I’ve had the extreme pleasure of being a part of several conversations regarding design lately. As I work through my thoughts on those conversations, I find myself with some questions that might work well as blog posts. I think I’ll start this series with this post and see where it all goes.
In the earliest years of model railways, firms like Bassett-Lowke offered a line of scale model locomotives and trains to the first of what we now call model railroaders. These first models were sold during a time when railways were an exciting thing and people were keen to be a part of the railway scene in any way possible. The models were for a man who possessed means that may very well have made it possible for him to play a role in the development of real railways. For those who collected them, they offered an opportunity to connect with full-size railways in a way not otherwise possible. In the end, the size of the trains may vary but everyone played the role of the true railway man.
As enthusiasm for the models grew, a variety in terms of scale (size) would emerge and offer men of different lives and means to connect with each other over trains, real and model. As the models became more accessible, parents could invite their children to the conversation too. It’s this bond that underscores my own involvement in the hobby. I grew up in a house with a model railway and it was my parents would provide me with my own railway. They helped me learn how to create something with it and of it. In doing so, they provided me a place where I could feel proud of my work and identify with my skills. Much of what I consider my identity today is borne of these acts and I am so very grateful to have benefited from their gift.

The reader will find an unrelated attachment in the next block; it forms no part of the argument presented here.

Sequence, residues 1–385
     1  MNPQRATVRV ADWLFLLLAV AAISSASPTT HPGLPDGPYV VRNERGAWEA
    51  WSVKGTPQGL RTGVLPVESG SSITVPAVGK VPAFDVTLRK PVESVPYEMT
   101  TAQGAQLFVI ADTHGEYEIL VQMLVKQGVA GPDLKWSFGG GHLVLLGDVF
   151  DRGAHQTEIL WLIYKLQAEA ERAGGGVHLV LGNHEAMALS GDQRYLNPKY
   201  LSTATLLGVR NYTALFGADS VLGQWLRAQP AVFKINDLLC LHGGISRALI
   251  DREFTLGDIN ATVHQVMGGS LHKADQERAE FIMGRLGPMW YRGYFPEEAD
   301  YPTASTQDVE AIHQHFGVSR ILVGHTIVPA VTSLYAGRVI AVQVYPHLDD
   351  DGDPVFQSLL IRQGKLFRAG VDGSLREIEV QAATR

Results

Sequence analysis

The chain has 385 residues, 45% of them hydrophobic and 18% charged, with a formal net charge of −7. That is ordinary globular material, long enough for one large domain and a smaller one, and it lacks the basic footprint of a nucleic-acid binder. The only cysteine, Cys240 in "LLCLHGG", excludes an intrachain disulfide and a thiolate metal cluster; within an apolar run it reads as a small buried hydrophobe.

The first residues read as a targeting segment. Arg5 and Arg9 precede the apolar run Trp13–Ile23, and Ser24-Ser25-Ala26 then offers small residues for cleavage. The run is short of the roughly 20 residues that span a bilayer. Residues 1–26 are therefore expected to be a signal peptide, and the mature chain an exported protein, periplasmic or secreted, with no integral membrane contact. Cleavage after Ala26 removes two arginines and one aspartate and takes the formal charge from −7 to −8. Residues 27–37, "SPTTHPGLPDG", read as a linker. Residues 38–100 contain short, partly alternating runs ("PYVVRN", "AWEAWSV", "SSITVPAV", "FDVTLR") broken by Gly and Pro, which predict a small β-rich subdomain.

I’m certainly making use of some broad generalizations in those opening words just so that I can introduce a thought on how model railways could offer an opportunity to connect people, places, and things, in perhaps no less an important a way than their full-size counterparts do. I know that I can’t actually climb inside an N scale model passenger car and ride from Charlottetown to Toronto to connect with a friend yet I feel like there is a tenable link here and evidence of how model railways can connect people together, doing so in no less an important way than their full-sized counterparts do.
When we discuss the role of storytelling as it relates to the model railways, these connections between people might themselves form the story that we are attempting to tell in the railway we create. I believe “the story” plays an important role in qualifying the scope of the model railway and that it plays a fundamental role in guiding its design and even its construction. However, when we ask what that story is, we’re faced with not knowing if we’re the kinds of people who write or tell stories, or even how we’d go about creating one if we were forced to.
So, the story starts: Who does it connect you to? Or how?